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Court News Ohio

Columbus Attorney Who Accepted Excessive Fee Suspended

The Ohio Supreme Court today suspended a Columbus attorney based on an unusual fee payment arrangement that resulted in a dispute.

In a unanimous per curiam opinion, the Supreme Court suspended David P. Rieser for two years with one year stayed, and ordered him to pay $50,000 in restitution to his former client.

Lawyer Accepts Voluntarily Paid Excessive Fee
In March 2012, Rieser was retained by a psychiatrist who had been indicted on felony counts of workers’ compensation fraud, theft, and tampering with records. The two agreed to an initial $30,000 attorney fee, but did not put it in writing or discuss the rate or total amount of Rieser’s fee.

Rieser did not keep time records during the doctor’s representation and did not send him any billing statements. He did not request any additional fee payments, but between June and December 2012, the psychiatrist sent him eight checks, bringing the total payment to Rieser to about $108,000.

Rieser deposited $50,000 into his client trust account, put $23,000 into his own business account, and provided $25,000 to a local art gallery. He did not maintain records for the trust account.

Case Resolved, Fee Disputed
Rieser understood the doctor’s goal was to maintain his medical license and was informed by a fellow attorney that the best chance for this was if his client was not convicted of a felony. Rieser orchestrated a plea bargain where the doctor pleaded guilty to one misdemeanor count of workers’ compensation fraud and paid about $71,000 to the Ohio Bureau of Workers’ Compensation.

Nearly three years later, the doctor filed a grievance with the Columbus Bar Association, claiming he was charged an excessive fee.

Rieser and the bar association stipulated to the Board of Professional Conduct that Rieser violated multiple rules, including failing to disclose to the client that he did not maintain professional liability insurance; charging or collecting an excessive fee; not communicating to the client the basis or rate of the fee; and failing to respond to information requests during a disciplinary investigation.

The professional conduct board recommended that the Supreme Court indefinitely suspend Rieser. Rieser objected, arguing a lesser sanction was more appropriate.

Court Examines Attorney’s Behavior
The Court publicly reprimanded Rieser in 1995 for neglecting two client matters. In 2001, he was suspended for two years, with 18 months stayed, for neglecting two other client matters.

When considering a proposed sanction, the Court examines aggravating circumstances that could increase the punishment for a lawyer and mitigating factors, which could lead to a reduced penalty.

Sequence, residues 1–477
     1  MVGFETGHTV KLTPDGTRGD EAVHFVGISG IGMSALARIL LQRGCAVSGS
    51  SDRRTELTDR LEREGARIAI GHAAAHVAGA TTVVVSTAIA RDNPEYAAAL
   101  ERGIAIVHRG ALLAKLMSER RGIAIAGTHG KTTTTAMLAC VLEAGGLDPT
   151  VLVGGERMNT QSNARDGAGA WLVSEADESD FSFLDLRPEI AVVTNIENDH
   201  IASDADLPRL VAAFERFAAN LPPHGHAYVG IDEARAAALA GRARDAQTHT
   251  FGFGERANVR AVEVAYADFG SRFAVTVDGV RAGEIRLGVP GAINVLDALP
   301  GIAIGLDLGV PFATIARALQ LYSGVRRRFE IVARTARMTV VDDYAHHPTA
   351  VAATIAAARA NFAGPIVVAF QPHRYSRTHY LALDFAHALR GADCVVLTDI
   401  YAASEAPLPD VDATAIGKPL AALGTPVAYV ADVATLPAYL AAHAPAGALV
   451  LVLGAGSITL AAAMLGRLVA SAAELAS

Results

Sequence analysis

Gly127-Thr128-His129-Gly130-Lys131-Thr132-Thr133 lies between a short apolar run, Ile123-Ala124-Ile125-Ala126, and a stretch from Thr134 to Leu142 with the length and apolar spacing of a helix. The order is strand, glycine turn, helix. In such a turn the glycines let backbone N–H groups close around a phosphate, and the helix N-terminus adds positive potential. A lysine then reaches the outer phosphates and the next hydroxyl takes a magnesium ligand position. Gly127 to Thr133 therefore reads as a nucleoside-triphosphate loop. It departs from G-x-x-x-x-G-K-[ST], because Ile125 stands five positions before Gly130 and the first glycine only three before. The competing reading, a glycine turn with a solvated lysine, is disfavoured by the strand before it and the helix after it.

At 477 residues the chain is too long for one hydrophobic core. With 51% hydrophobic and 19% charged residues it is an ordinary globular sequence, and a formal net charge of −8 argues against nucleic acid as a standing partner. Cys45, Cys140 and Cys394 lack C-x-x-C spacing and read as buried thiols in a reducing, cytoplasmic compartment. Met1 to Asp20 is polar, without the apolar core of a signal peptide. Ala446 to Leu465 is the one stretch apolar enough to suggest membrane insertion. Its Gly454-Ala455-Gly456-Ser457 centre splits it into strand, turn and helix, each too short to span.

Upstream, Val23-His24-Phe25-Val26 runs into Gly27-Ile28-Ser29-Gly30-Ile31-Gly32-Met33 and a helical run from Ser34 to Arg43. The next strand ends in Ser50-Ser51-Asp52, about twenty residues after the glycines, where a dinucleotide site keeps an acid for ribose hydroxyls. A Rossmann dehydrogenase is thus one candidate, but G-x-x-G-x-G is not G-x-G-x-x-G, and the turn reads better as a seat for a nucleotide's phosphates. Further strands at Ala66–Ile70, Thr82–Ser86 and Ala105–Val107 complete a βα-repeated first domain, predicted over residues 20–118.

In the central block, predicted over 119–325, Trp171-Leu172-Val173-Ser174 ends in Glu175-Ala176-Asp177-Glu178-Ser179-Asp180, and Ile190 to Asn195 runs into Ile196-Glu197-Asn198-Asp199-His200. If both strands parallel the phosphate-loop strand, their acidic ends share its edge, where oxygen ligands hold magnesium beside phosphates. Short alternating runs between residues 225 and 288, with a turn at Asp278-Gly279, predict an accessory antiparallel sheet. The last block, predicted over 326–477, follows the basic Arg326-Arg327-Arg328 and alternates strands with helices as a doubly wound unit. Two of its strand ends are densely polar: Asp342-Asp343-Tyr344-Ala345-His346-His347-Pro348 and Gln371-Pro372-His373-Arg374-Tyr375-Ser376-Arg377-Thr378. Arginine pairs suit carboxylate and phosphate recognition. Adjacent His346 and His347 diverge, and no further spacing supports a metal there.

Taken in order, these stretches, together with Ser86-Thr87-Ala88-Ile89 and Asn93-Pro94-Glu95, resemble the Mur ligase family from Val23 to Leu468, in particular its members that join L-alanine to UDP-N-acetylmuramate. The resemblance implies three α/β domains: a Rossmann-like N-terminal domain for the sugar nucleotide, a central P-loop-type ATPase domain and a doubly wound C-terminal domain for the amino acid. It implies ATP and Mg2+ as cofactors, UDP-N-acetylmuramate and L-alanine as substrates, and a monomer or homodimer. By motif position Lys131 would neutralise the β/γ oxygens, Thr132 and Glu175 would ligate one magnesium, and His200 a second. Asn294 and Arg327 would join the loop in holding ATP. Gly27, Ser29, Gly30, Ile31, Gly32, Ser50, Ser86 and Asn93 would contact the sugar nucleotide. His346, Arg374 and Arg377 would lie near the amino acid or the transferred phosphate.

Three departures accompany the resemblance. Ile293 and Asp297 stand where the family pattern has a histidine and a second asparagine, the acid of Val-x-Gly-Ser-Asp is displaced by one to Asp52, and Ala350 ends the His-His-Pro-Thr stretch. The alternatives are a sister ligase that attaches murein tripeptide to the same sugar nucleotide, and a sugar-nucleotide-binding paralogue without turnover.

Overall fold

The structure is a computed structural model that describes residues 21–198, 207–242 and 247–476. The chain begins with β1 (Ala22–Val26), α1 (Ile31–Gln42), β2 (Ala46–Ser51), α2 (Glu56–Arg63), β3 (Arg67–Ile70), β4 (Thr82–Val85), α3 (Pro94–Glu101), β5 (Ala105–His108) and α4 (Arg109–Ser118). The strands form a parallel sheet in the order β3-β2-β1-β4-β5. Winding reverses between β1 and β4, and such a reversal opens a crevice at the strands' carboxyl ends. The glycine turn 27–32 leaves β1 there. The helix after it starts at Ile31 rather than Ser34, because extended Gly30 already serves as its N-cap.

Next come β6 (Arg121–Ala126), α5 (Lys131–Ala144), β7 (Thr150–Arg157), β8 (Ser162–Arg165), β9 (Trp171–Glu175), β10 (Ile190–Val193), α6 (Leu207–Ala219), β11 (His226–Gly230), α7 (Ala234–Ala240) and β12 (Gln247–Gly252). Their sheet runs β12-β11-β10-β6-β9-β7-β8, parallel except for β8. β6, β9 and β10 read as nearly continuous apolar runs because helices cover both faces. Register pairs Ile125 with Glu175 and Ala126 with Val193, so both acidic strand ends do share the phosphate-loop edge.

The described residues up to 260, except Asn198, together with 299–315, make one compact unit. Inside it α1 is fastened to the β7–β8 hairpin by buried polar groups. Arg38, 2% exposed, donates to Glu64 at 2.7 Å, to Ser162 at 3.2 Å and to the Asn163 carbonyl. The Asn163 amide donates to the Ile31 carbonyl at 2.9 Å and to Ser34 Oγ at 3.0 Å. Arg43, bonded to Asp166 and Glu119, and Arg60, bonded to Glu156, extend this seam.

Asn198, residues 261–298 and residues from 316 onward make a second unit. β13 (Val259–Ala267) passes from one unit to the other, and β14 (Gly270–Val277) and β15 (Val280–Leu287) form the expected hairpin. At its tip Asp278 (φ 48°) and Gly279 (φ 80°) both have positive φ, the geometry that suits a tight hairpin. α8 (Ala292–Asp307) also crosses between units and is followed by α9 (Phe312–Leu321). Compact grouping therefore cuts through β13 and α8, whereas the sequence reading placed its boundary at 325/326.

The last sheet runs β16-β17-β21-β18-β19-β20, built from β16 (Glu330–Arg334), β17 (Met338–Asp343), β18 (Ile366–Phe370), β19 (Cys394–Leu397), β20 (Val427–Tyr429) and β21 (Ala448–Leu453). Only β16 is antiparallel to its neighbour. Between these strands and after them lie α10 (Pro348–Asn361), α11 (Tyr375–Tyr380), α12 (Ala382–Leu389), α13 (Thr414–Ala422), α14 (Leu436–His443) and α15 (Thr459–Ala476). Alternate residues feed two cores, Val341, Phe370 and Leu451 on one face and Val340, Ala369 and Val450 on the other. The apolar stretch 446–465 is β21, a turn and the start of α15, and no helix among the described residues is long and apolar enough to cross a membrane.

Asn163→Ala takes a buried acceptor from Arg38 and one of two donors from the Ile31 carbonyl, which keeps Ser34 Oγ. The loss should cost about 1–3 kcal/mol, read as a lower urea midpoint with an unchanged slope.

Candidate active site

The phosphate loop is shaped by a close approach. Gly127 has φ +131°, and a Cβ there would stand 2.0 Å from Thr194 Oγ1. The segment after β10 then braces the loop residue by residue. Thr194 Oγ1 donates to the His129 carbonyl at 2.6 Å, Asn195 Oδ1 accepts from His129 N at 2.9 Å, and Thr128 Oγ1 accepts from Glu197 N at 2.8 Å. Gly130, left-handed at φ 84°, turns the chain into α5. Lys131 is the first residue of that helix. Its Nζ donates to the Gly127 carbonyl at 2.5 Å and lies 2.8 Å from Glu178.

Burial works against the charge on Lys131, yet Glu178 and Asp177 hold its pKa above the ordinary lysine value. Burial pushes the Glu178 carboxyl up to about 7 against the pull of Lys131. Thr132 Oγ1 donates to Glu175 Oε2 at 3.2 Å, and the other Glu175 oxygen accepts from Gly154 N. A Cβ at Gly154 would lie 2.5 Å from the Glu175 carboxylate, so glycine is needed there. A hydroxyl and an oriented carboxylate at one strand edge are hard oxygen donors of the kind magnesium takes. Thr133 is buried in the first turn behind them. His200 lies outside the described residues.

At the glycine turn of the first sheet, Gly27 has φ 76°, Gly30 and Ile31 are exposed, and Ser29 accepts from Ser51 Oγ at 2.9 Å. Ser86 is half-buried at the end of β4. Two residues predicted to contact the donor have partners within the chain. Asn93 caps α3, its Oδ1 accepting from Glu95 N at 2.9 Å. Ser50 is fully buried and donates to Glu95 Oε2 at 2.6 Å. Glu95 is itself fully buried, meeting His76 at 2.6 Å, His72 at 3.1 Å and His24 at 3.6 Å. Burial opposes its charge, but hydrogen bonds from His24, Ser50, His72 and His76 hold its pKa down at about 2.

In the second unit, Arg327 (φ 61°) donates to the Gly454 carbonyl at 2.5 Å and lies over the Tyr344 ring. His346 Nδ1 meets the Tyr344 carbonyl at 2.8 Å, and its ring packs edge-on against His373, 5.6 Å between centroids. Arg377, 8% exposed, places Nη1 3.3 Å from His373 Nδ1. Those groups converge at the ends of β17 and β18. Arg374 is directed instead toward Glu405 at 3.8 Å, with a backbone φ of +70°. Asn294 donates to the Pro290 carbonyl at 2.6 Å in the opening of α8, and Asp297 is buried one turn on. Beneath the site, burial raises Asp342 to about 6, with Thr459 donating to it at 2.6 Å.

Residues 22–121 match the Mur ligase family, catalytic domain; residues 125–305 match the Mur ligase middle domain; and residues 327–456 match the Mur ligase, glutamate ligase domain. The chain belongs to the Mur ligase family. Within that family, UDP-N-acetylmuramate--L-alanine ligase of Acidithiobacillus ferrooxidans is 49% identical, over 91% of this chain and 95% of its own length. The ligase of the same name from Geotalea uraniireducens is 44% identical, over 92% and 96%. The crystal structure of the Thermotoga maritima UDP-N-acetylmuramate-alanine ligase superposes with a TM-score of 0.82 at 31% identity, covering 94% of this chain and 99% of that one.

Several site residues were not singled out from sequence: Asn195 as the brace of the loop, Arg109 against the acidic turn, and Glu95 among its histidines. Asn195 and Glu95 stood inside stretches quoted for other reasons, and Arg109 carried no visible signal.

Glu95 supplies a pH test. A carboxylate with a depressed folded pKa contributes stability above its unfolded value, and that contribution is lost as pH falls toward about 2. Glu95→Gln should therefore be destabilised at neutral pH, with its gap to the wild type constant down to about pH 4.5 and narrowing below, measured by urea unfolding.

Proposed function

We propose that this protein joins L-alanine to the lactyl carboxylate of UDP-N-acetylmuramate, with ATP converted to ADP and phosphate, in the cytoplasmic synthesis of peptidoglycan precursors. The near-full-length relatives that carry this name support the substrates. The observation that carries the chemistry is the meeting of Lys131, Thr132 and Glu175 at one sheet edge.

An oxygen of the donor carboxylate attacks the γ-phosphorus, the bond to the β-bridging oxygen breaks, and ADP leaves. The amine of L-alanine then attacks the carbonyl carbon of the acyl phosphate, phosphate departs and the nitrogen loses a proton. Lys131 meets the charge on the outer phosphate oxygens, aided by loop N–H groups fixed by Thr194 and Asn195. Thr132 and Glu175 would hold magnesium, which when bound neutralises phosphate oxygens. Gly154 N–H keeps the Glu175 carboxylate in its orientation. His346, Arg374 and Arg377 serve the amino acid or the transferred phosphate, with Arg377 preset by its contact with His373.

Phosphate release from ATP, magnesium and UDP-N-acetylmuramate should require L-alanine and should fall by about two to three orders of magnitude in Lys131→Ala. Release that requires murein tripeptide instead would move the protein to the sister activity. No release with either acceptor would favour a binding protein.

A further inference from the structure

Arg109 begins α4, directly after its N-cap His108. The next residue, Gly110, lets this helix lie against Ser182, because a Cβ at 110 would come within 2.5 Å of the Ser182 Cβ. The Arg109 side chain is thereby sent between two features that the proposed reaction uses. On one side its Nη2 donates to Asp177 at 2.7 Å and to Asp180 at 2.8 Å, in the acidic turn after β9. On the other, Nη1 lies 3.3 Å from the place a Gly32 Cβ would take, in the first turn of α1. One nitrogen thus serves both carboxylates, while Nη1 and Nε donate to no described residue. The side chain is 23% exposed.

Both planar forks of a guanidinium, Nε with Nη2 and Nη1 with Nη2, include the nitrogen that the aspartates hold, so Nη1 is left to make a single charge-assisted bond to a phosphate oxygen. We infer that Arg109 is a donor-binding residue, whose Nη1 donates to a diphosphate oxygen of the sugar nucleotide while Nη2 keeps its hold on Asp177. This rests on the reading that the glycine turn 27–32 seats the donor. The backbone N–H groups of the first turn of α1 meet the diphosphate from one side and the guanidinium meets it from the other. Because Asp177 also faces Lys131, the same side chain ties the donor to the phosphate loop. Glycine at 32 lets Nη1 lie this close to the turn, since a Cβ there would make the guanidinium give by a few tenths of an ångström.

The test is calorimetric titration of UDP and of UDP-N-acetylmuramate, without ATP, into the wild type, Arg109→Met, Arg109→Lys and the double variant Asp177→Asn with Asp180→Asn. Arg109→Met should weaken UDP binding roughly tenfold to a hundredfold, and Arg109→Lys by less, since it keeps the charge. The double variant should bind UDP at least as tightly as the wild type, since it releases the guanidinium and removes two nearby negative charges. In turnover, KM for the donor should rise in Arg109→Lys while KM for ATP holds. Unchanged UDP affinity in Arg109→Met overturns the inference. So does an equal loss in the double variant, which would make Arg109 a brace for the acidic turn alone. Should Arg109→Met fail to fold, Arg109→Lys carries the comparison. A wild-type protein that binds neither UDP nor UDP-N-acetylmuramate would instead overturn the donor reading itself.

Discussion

The Court noted Rieser had prior violations, committed multiple rule violations, and failed to cooperate with the bar association’s investigation. It also considered letters from judges and lawyers attesting to Rieser’s good character and reputation. Rieser established that he had a mental-health disorder during the time of the doctor’s representation and successfully completed treatment for it.

The Court also considered that Rieser made a good faith effort to resolve the dispute by offering a partial discount to the client, and placed the $50,000 in the trust account into escrow after the offer was rejected.

The opinion stated that parties agreed the fee was excessive, but could not agree on what was a reasonable amount. Various experts testifying in the case placed the range for handling this type of legal matter from $15,000 to $80,000. The board recommended that Rieser return the full $50,000 from the trust account to the doctor.

Rieser argued the doctor repeatedly expressed satisfaction with his work, and that he obtained the best possible result for his client. Rieser also told his client that it was not necessary to keep sending him money beyond the initial $30,000 and that he suggested they wait and see how the case progressed before more payments were made.

“Indeed, Rieser’s misconduct is unusual in that he did not charge a clearly excessive fee, so much as he accepted the client’s voluntary — but excessive — payments,” the opinion stated.

The Court noted that Rieser has reduced his caseload, has worked with a lawyer to improve his office- and trust-account management practices, and has continued his mental health treatment.

The Court suspended him for two years, with one year stayed with the conditions that he pay restitution and not engage in any more misconduct.

2007-1417. Columbus Bar Assn. v. Rieser, Slip Opinion No. 2018-Ohio-3860.

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